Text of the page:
Australasian Science: Australia's authority on science since 1938

Bringing Building Blocks of Life to Earth from Space

By David Reneke

New research supports the view that meteorites kickstarted life on Earth, and Australian astronomers have measured how a galaxy’s spin affects its shape.

The full text of this article can be purchased from Informit.

How life began on Earth, roughly 4 billion years ago, is one of the great scientific questions. New results from scientists at McMaster University and the Max Planck Institute for Astronomy suggest a key role for meteorites landing in warm little ponds, delivering essential organic molecules that kickstarted the emergence of life in the shape of self-replicating RNA molecules.

The astronomers reached their conclusions after assembling models about planet formation, geology, chemistry and biology into a coherent quantitative model for the emergence of life. The most interesting result from these calculations is that life must have emerged fairly early while Earth was still taking shape.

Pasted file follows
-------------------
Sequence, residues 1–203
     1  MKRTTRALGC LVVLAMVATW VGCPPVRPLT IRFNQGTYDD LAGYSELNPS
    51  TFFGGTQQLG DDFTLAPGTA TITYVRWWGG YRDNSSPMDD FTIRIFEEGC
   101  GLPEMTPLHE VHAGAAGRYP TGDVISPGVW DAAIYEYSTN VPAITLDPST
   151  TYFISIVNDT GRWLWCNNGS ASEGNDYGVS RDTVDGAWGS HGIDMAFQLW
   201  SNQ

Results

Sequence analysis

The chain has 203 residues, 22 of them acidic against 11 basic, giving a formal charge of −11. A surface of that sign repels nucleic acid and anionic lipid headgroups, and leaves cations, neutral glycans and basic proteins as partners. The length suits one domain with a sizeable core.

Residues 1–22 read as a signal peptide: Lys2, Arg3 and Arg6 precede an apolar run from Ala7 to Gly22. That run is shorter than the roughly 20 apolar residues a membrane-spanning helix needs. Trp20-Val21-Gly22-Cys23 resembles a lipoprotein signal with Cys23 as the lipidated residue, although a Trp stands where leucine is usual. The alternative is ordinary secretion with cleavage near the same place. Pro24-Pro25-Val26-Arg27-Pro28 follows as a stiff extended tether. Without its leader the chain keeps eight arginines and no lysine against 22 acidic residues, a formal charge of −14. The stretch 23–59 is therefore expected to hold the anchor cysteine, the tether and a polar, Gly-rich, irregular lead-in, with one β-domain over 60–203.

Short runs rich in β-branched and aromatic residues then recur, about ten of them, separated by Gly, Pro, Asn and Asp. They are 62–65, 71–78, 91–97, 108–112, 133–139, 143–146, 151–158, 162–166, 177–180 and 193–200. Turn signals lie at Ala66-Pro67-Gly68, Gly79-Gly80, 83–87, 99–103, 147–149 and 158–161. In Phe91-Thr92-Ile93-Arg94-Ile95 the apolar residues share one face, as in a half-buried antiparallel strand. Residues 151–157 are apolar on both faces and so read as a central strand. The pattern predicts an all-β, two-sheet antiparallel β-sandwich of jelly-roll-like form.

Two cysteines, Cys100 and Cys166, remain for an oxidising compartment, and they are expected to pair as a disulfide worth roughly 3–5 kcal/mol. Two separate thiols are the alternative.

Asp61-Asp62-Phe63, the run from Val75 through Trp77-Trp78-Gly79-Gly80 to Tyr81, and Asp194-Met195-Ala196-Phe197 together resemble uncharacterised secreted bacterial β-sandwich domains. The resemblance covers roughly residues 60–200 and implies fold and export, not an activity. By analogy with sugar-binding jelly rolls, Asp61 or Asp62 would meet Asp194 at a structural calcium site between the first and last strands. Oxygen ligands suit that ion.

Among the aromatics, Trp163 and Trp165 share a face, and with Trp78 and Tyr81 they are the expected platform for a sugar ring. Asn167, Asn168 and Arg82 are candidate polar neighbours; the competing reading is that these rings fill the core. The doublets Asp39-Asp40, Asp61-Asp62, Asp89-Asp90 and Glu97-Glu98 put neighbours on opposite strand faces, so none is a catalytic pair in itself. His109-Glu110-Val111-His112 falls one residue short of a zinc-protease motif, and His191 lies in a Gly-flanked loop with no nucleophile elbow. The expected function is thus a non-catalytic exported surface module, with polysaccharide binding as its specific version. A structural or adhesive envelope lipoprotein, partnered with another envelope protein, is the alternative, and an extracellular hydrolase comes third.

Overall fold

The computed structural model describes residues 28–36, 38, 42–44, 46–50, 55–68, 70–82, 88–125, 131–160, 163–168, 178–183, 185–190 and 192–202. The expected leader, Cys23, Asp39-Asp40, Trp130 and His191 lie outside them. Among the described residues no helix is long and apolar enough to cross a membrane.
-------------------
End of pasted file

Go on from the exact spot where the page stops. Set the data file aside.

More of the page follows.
This, they maintain, was only a few hundred million years after the Earth had cooled sufficiently to allow liquid surface water, such as ponds or oceans. The building blocks of life would have been brought to Earth by meteorites during an era when Earth’s bombardment by such small extraterrestrial rocks was much more intense than today.

Astronomers agree that in order to understand the origin of life we need to understand Earth as it was billions of years ago. As this study shows, astronomy provides a vital part of the answer. The details of how our solar system formed have direct consequences for the origin of life on Earth.

The new work supports the “warm...

The full text of this article can be purchased from Informit.